In today's uncertain financial and economic landscape, you might wonder why it makes sense to invest in Indian startups. With the cost of capital rising, interest rates going up and inflation exceeding targets, it's natural to question this suggestion.
To understand why it's worthwhile to invest in startups in the current scenario, let's examine a few macro-economic indicators.
Post Every Crisis: A Glimpse Into the Past
According to the startup growth index from the Global Startup Ecosystem Report 2022 by Startup Genome, startup growth follows a pattern: it declines significantly during a financial crisis and rises in the subsequent years until the next pivotal event or crisis.
The startup growth index is like a scorecard that measures how well a startup ecosystem is doing. It looks at how much value the ecosystem creates, how successful startups are at growing money and how quickly they can sell or go public. It helps us understand the overall health and performance of the startup world.
During the 2008 financial crisis, there was a significant decline in the startup growth index for both the US and India. Startups faced challenges raising capital and growing their businesses, leading to a decline in the overall startup ecosystem.
In the subsequent years, the startup growth index gradually rose for both countries indicating a recovery from the financial crisis and renewed growth in the startup ecosystem.
These numbers highlight the cyclical nature of startup growth, which declines after a crisis and rises in the following years until the next pivotal event or crisis.
Historical Returns Data
An interesting pattern emerged when the markets collapsed during the 2008 financial crisis. Let's explore the historical returns data of the US venture capital during that period.
Post the financial collapse, there was a remarkable surge in the median MOIC (Multiples On Invested Capital), which measures the value generated by an investment. This surge reached unprecedented levels and while the MOIC never returned to the same heights, it shaped the investment landscape in subsequent years.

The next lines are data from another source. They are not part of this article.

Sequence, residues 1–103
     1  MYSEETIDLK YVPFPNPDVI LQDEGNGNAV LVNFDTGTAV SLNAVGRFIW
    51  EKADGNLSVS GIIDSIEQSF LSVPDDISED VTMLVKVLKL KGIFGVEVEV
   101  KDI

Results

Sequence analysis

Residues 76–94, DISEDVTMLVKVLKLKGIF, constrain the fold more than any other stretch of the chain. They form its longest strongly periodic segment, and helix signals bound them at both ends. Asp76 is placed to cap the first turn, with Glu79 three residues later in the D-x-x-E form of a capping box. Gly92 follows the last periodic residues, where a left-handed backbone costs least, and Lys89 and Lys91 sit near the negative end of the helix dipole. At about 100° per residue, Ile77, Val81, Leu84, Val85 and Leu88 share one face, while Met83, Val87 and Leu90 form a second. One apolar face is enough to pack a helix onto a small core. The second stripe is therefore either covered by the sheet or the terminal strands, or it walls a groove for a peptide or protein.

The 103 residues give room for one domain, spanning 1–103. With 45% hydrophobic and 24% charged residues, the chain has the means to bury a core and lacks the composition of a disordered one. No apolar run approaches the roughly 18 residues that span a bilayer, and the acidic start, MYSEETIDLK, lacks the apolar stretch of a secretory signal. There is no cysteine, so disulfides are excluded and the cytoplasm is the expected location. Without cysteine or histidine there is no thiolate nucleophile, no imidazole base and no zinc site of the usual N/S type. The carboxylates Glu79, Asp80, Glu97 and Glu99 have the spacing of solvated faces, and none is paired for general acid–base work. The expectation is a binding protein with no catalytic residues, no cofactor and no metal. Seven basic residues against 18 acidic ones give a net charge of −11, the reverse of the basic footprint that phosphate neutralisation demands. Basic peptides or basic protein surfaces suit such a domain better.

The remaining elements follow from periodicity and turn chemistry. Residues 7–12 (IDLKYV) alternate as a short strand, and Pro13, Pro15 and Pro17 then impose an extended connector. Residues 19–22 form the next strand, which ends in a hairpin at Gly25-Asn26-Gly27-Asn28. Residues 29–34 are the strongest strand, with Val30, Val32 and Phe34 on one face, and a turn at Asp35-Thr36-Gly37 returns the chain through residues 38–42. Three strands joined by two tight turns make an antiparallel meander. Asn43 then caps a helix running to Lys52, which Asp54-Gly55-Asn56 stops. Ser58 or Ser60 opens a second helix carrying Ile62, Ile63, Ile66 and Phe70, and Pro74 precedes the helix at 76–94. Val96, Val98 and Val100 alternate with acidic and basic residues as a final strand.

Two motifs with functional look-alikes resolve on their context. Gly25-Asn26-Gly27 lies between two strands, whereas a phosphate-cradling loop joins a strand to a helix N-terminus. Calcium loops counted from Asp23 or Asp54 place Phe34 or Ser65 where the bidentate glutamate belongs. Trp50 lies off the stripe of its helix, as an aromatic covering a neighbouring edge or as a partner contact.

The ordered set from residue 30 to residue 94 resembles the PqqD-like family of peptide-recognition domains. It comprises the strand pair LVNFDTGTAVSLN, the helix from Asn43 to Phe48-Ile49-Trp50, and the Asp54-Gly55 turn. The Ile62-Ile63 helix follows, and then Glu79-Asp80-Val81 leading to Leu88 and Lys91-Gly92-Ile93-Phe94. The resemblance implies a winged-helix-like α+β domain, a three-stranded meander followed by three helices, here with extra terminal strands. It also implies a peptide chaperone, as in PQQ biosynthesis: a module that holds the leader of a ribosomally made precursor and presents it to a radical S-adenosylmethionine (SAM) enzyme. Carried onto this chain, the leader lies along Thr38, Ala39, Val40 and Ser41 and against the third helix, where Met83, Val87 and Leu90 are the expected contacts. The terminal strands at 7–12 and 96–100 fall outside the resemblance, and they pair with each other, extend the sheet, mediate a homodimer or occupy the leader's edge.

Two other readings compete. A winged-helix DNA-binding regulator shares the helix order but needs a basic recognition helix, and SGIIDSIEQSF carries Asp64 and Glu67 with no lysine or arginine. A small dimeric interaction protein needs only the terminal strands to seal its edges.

In 2023, we find ourselves on the brink of history repeating itself. The trajectory of startup investment returns seems poised to follow a similar pattern in future years. Investors who embark on investing in startups today will have the opportunity to replicate these remarkable results.
Born in Crises: Examples
Here are a few notable examples of startups that weathered the crisis storms and gave significant returns to their early investors:
- PayPal (US): PayPal emerged during the dot-com bubble and weathered the crisis, becoming a leading online payment platform
- Flipkart (India): After the 2008 financial crisis, Flipkart expanded from an online bookstore to a dominant e-commerce platform challenging Amazon's dominance in India
- Airbnb (US): Founded in 2008 during the aftermath of the financial crisis, Airbnb revolutionized the travel industry with its online marketplace for vacation rentals
- Ola (India): Launched after the 2012 financial turmoil, Ola quickly gained popularity as a leading ride-hailing platform and diversified into various services
- Tesla (US): Despite challenges, Tesla grew significantly after the 2008 financial crisis, revolutionizing the electric vehicle market with innovative technology
- Netflix (US): Netflix adapted from DVD-by-mail to online streaming after the dot-com bubble, becoming a global entertainment powerhouse
These examples illustrate how companies in the US and India have faced challenges and uncertainties but managed to grow and succeed, demonstrating the resilience and potential for growth in the startup ecosystem.
Opportunity in Correction
In the current market, an ongoing correction has resulted in the revaluation of many Indian unicorns. Prominent names like BYJU, Swiggy, Ola, Meesho and OYO have already experienced multiple markdowns. While these markdowns primarily affect investors' books, they also have ripple effect on valuations at all stages.